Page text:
That the film opens and closes with a castrato aria from Handel’s Rinaldo seems a tip-off about the theme intended: Rinaldo is an opera about the First Crusade in which Rinaldo, the crusade leader, is taken prisoner by Armida, Queen of Damascus and a powerful enchantress who tries repeatedly to stab his beloved but in the end is defeated and converted to Christianity. It seems hard to deny that this is a film about Christian love and engagement versus evil (as has been said, Christianity is a magnificent philosophy – if only someone would give it a try), a man who seeks to render care to a woman who has become infected with evil via the study of human wickedness (she has been writing a thesis on the torture of “witches”.)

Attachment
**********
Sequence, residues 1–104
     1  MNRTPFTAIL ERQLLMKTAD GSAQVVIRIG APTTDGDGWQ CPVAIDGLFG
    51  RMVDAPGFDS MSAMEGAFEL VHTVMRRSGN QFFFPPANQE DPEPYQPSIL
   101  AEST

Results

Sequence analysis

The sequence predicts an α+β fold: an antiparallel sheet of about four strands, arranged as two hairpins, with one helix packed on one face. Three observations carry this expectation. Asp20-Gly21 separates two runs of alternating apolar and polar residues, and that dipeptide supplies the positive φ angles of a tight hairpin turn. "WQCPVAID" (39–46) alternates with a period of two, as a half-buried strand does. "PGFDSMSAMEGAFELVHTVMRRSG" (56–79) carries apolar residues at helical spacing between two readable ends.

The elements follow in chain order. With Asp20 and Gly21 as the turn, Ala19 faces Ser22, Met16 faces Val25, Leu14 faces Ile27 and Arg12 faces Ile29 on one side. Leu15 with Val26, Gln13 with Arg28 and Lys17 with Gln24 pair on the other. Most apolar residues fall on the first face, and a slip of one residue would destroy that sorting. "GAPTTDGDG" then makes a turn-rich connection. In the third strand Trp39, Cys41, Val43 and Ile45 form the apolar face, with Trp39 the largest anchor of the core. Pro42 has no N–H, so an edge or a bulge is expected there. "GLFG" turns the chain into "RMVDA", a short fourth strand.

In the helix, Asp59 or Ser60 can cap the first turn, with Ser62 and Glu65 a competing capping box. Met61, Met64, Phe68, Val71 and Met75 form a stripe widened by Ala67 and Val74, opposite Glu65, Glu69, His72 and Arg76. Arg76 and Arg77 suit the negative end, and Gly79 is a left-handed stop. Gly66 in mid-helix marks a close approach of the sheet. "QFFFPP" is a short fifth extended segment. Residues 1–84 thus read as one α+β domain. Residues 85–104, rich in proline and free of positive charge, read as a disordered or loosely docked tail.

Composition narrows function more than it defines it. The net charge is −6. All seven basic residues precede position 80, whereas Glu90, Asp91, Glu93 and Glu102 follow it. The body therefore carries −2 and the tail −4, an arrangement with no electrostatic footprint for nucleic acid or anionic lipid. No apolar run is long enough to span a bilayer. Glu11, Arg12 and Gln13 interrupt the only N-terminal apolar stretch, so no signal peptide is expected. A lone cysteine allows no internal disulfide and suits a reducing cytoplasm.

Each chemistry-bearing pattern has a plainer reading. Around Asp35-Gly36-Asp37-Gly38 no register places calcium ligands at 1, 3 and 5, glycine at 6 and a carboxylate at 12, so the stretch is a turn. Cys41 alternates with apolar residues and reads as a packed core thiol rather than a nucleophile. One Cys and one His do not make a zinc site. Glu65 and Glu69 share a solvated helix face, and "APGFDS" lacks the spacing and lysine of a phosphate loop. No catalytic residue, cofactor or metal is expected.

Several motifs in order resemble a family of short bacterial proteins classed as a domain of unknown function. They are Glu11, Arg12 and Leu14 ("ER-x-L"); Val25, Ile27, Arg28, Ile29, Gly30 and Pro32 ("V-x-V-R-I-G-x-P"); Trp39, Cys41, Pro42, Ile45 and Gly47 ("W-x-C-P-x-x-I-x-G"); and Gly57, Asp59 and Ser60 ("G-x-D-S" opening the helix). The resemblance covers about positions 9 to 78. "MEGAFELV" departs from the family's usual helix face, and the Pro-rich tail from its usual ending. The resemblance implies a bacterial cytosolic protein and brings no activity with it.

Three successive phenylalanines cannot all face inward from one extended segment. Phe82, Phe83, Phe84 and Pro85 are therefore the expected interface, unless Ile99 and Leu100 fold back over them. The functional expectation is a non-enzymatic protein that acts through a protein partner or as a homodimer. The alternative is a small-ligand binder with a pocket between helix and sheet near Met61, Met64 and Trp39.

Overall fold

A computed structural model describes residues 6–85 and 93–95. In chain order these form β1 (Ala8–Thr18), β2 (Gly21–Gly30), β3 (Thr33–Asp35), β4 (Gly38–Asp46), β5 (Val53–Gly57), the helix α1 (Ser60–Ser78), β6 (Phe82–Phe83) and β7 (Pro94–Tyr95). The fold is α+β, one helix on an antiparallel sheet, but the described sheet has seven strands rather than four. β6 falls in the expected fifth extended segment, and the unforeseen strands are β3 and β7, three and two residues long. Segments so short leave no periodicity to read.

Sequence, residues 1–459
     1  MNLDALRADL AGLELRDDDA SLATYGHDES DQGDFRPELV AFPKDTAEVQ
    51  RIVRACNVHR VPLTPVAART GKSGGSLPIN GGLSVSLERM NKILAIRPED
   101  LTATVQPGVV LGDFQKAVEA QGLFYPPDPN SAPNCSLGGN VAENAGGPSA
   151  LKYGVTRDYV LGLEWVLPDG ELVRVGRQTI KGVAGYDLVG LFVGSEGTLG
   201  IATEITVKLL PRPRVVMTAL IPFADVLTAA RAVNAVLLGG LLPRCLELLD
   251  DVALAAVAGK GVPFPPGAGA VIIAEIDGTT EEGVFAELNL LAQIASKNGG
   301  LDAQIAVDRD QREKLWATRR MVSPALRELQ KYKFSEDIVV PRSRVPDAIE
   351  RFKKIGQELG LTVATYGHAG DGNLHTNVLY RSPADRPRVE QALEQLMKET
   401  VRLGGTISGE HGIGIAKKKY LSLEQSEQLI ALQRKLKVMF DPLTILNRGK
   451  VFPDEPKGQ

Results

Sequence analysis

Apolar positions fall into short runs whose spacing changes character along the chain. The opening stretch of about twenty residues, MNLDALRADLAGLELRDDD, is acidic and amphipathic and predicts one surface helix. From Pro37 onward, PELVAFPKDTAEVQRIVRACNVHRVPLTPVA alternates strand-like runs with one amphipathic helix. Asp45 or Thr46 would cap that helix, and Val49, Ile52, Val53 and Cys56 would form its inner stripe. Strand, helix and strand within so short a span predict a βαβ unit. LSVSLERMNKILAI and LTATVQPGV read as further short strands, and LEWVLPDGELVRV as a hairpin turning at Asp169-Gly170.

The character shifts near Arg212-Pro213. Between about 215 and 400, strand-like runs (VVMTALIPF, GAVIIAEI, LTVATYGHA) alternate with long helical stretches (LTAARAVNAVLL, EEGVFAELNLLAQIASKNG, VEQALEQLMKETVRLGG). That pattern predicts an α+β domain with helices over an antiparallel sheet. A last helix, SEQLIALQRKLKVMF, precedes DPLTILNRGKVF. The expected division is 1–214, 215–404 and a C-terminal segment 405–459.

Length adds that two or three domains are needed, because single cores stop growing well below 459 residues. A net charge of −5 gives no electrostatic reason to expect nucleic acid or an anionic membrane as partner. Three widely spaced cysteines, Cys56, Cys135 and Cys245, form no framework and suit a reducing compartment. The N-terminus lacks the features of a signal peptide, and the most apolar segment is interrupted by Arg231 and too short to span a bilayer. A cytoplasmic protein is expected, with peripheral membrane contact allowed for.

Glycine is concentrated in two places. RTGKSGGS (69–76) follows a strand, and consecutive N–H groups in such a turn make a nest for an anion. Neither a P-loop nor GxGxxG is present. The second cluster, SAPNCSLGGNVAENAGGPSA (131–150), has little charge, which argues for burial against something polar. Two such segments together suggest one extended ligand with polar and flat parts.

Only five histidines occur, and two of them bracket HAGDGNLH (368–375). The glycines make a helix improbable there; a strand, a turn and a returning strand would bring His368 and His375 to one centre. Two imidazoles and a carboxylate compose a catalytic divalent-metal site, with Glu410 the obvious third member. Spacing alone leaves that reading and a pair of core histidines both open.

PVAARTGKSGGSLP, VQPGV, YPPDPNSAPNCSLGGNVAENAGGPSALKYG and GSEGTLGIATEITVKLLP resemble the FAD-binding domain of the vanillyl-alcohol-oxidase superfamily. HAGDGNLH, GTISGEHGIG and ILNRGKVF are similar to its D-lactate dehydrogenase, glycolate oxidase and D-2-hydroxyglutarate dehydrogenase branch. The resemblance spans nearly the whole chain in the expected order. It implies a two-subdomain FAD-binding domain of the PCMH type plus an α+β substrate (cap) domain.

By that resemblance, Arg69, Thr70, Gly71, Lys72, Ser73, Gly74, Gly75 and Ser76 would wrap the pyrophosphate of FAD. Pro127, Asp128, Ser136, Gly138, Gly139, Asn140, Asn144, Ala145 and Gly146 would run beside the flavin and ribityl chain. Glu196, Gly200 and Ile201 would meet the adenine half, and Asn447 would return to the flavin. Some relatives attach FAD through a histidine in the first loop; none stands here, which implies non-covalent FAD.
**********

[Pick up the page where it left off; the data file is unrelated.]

A moment of passion leads a couple to be unmindful of their responsibility toward their baby, resulting in his death. The woman (perhaps because she might actually have seen and ignored the danger to the boy in favor of her pleasure) responds with a debilitating grief. The man believes that he can through reason save her from the anxiety that has developed within her by making her understand that what she fears – nature – is not really dangerous (presumably is not really dangerous to human beings who, arguably, prevail over nature and whose emotional life can lift them beyond the heartless indifference and opportunism of nature).